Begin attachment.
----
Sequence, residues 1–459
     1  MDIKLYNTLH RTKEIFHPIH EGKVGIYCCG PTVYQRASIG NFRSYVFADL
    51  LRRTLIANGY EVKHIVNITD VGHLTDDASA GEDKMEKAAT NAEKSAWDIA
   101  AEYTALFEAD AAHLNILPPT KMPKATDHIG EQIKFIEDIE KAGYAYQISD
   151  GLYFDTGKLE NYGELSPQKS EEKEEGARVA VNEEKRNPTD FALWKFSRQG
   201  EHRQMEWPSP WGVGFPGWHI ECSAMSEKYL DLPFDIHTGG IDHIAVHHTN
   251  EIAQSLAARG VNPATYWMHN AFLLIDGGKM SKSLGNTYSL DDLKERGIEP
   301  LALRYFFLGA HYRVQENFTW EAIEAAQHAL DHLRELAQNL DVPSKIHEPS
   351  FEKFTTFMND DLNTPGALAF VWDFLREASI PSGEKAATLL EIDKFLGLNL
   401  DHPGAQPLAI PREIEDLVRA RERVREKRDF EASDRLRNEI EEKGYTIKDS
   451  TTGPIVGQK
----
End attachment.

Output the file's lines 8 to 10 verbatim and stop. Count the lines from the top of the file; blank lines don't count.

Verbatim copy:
   301  LALRYFFLGA HYRVQENFTW EAIEAAQHAL DHLRELAQNL DVPSKIHEPS
   351  FEKFTTFMND DLNTPGALAF VWDFLREASI PSGEKAATLL EIDKFLGLNL
   401  DHPGAQPLAI PREIEDLVRA RERVREKRDF EASDRLRNEI EEKGYTIKDS